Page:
Saturday, September 20, 2014 @ 8:32 pm

Like peanut butter and jelly, or cats and balls of yarn, utilitarianism and volunteerism complement together. If they were both YouTube channels, I’d be a subscriber to both.

Following valedictorian speech openings, utilitarianism is defined by Merriam-Webster Online as “the belief that a morally good action is one that helps the greatest number of people”, and volunteerism “the act or practice of doing volunteer work in community service”. A close cousin of the two is altruism, which is defined as “feelings and behavior that show a desire to help other people and a lack of selfishness”

The reason utilitarianism and volunteerism blend so well together is because of one thing: time. As a human being, time is the most valuable thing you can give (second to love). And as a volunteer, when you’re giving your time (and not to mention, expertise and effort), for free no less, you want to ensure that your time is being well-managed and going towards the most important things. In other words, you will want to ensure that your time is benefiting the greatest number of people, and this is where utilitarianism comes in. A nice transition sentence.

As on many occasions, a random thought came into my head while I was showering (aka, a shower thought) early this morning: “How do I get to decide what is a ‘morally good action’ and decide who the people benefiting from my actions are, and tying the two together, how can I be sure they will perceive my action to be ‘good’? In other words, what is ‘good’ to them?” (keeping in mind that the definition of utilitarianism is “the belief that a morally good action is one that helps the greatest number of people”).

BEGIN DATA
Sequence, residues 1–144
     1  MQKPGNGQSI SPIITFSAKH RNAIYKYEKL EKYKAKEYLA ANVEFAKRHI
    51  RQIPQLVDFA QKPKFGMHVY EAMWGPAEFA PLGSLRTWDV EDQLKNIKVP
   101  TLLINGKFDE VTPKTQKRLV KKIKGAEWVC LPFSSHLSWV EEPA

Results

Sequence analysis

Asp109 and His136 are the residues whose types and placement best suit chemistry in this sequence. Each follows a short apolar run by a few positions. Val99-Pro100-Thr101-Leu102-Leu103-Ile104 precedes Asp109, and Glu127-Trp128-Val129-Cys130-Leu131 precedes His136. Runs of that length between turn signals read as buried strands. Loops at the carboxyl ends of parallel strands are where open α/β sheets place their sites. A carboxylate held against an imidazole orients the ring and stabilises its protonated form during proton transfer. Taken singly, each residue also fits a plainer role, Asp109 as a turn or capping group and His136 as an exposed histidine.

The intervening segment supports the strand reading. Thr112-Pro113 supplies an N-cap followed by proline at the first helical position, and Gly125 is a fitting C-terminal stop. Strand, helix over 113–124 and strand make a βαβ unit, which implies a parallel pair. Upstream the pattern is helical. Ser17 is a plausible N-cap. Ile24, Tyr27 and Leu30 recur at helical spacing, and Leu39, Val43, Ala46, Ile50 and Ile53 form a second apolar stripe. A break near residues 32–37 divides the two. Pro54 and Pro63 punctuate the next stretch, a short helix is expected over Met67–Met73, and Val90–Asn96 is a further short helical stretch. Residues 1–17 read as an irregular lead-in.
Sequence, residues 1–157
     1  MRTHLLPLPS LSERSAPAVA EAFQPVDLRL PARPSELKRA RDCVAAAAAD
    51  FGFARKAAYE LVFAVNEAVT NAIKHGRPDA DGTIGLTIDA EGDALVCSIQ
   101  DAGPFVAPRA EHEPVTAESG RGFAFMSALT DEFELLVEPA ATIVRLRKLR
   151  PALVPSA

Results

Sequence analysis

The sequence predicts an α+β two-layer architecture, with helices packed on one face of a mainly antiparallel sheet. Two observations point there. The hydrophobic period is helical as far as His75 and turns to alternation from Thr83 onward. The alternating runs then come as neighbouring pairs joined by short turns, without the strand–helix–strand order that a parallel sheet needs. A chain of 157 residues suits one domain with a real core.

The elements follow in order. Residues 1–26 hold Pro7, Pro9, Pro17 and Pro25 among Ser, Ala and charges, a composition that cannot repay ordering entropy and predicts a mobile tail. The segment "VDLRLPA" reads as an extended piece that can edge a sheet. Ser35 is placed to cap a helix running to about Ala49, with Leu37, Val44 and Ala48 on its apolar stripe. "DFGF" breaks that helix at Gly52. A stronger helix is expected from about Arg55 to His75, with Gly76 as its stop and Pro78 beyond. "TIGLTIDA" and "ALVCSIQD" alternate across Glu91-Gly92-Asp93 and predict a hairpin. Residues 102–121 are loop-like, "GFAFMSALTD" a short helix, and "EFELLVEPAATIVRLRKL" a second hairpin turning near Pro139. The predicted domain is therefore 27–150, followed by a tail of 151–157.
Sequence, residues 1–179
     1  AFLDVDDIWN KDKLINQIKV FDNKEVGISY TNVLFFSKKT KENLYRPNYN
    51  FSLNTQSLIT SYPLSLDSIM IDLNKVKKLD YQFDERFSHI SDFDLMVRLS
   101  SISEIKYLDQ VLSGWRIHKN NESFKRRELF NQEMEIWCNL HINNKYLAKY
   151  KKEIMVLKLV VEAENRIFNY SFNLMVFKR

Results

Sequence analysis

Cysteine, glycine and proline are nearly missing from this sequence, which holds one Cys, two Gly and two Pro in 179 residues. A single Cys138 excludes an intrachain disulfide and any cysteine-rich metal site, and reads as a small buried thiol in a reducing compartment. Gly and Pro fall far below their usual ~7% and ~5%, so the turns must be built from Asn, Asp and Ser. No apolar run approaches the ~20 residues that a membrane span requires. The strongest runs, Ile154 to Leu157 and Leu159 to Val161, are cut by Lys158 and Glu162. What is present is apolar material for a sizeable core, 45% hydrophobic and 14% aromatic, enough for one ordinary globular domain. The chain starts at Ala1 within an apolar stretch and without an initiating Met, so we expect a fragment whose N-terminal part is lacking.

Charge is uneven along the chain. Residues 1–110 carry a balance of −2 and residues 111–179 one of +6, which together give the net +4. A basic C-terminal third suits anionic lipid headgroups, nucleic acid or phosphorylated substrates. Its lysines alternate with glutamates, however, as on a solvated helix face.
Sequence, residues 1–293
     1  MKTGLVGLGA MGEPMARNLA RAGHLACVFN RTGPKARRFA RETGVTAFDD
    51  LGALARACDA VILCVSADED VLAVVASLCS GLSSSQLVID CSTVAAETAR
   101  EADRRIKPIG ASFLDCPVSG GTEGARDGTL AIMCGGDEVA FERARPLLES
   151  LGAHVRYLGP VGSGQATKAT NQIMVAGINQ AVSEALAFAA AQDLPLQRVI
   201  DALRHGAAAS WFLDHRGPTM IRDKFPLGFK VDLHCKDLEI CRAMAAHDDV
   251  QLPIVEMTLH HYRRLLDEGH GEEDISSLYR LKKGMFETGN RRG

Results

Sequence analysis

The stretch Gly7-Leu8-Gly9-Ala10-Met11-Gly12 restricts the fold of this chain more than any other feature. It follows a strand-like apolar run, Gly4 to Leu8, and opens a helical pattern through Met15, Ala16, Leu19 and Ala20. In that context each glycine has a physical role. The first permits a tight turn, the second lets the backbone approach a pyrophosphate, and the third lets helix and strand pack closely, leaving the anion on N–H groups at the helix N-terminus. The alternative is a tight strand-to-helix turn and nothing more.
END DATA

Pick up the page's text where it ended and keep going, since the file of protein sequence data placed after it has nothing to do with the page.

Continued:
I spent quite a bit of time during and after my shower thinking of the answer, peppering on some Pareto and marinating some Maslow, and my answer is: “I don’t know.”

It’s pretty hard to predict what action would benefit the greatest number of people, let alone it being almost impossible to predict what a person would perceive as being “good”.

In the end, I’ve decided that the most important thing is to speak of goodness, to do good, and to simply be good. Without any conditions. And that the greatest currency one can receive in life is genuine gratitude that is priceless: a smile and hug.

Shower Thought